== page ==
..."Struct and union technically is not guaranteed to operate correctly by the C standard, so... " I would agree, but the code in the original posting isn't very portable either. One should realize that portability doesn't really matter if the implementation is consistent from one module to another. Someone must have put the data in the 64 bit entity (somewhere), and if you use the same structure in both places, it can be implemented differently, but still be "portable".

    Yes, it is a mess!

  • Sole Purpose of VIsit (unregistered) in reply to Appalled

    You work with the facilities provided.

    What is your problem, little man? Software, as with life, is not designed specifically with you in mind.

  • Ross (unregistered) in reply to Appalled

    Formatting doesn't work.

    There, fixed that for you.

  • Appalled (unregistered) in reply to Sole Purpose of VIsit

    WTF is YOUR problem BIG MAN. There ARE NO FACILITIES PROVIDED. The forum does not and probably never will have an "Add Code Sample" button or instructions on how to do so by hand. So I answered his question about how to freaking do it, PRE tags. If I had known you were gonna flame me I woulda just said "View Source". Take a hike nutjob.

  • siciac (unregistered)

    Software, as with life, is not designed specifically with you in mind.

    Spare us the moralfagging.

  • ZB (unregistered)

    "Imagine, if you will, that you have 64-bits of data."

    I'd rather imagine I'm in a world where people don't obsessively stick hyphens after numbers where they don't belong.

  • Dellapa (unregistered) in reply to Appalled

    I think Ross is, in a very funny way, referring to point 2 and 3 of your enumeration.

    Maybe you want to elaborate what your problem is?

  • Anonymous (unregistered)

    You know, apart from the obvious WTF of defining a macro (>> 4 & 0x0F) without parentheses this code actually isn't so bad.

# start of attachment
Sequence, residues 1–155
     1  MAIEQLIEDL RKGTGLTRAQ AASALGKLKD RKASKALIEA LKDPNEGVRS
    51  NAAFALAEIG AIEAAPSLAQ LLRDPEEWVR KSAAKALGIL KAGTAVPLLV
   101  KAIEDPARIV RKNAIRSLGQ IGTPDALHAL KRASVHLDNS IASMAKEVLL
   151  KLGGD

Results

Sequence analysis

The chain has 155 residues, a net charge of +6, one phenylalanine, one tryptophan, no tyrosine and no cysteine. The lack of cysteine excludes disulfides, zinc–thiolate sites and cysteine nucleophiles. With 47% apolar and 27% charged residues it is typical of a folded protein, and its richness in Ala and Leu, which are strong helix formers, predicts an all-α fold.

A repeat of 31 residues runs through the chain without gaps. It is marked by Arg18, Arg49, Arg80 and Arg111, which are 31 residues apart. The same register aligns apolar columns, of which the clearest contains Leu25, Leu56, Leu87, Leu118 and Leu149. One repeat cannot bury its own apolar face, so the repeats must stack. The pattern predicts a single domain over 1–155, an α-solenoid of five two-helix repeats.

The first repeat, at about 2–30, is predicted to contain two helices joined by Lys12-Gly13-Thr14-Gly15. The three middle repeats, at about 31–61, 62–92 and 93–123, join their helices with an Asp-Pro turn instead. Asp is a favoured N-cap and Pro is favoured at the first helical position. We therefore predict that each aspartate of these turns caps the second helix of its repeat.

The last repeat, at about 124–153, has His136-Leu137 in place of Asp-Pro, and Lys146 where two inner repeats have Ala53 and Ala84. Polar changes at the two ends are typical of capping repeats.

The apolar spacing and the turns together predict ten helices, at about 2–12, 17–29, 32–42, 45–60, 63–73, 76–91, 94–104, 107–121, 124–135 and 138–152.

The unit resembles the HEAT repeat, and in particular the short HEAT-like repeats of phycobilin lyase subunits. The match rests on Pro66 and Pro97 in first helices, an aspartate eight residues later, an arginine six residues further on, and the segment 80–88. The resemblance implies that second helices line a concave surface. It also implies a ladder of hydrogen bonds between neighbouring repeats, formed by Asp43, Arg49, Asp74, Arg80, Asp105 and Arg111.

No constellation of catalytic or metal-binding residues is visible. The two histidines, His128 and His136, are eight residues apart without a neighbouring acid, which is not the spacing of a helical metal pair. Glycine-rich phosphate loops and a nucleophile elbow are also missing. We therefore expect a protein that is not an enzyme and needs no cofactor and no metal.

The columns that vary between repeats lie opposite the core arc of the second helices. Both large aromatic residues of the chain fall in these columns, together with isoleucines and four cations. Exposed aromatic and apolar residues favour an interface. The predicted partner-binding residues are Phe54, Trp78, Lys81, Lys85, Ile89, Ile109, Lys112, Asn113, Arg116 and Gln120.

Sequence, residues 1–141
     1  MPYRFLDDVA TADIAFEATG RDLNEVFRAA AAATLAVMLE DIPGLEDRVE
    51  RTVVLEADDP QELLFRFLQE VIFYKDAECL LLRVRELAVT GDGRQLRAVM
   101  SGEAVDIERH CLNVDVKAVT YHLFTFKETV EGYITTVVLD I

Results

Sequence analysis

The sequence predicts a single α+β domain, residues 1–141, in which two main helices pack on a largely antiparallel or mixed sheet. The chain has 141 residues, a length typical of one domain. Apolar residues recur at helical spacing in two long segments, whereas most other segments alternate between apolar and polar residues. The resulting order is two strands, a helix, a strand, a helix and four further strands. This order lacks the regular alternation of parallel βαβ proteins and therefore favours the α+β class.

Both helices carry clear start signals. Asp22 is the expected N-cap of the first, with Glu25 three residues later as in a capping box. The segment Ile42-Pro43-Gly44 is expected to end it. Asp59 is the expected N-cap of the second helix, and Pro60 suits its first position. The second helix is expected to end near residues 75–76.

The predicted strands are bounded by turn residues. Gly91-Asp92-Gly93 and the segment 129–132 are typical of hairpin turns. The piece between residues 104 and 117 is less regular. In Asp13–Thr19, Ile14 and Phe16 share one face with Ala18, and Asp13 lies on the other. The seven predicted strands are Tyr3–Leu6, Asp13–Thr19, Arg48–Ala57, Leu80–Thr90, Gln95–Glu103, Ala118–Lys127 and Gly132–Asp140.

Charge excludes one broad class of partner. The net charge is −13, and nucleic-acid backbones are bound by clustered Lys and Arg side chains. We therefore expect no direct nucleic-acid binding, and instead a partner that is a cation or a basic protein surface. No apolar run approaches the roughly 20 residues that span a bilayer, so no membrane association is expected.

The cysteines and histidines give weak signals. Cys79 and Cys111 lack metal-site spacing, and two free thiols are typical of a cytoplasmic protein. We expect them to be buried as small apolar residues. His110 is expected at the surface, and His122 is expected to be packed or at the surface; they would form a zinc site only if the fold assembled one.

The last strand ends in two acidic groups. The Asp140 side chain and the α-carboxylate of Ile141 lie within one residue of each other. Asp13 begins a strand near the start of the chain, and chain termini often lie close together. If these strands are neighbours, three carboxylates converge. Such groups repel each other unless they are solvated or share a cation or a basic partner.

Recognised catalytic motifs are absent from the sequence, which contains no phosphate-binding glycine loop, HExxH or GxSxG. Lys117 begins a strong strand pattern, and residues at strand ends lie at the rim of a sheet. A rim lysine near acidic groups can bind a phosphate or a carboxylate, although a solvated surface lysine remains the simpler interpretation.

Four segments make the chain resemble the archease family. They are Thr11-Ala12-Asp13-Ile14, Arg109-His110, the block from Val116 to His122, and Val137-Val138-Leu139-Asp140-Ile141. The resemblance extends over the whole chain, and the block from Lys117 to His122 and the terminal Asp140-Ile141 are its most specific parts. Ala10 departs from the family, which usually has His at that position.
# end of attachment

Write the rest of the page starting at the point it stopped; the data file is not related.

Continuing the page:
To me the bigger WTF here is everyone (developer/submitter, Remy, readers) assuming that this code is not optimal for the platform it was written for.

    1. You don't know where the 64-bit value came from or where it was going. I am pretty sure it was already in memory as part of some request or response message, not written out solely so it can be checked.
    2. What guarantee you have that (most likely ARM9) architecture executing this code can load, shift and mask 64-bit values?
    3. What guarantee you have that 32-bit (or 64-bit if they exist) loads, shifts, and masks are faster or translate to shorter code than the 8-bit ones used?
    4. Bitfields are not portable, EMV standard changes all the time, endianness of the data can be different than that of the platform.
    5. What if it was done this way to work around a bug in an ancient gcc compiler port for the embedded platform which once cost $3,500 and is no longer updated?

    In other words, without knowing the code history you can't judge it.

  • Worf (unregistered)

    For point #2, it's easy. If the compiler can handle 64-bit types internally, it can emit code to handle 64-bit types even on architectures that have no native 64-bit support. 64-bit integers weren't introduced with 64-bit computers - compiler support has been around a long time and I've had 64-bit types long before I even had access to ARMs using 64-bit.

    Hint: There are compiler support libraries that do this work for you. Missing them can lead to oddball missing defines like __eabi_uldiv32 or other symbols, because the compiler was dealing with something the ARM doesn't natively handle.

    As long as you have compiler support, use it. This method works, but it leads to all sorts of oddball bugs if you do mess up the array index and masking parameters. And given how the names are similar, it's very easy to miss and overlook.

  • urkerab (nodebb)
    Formatting code is
    just a case of inserting
    four extra spaces.
    
  • Anonymous (unregistered) in reply to Worf

    And what if the platform compiler does not provide such library support?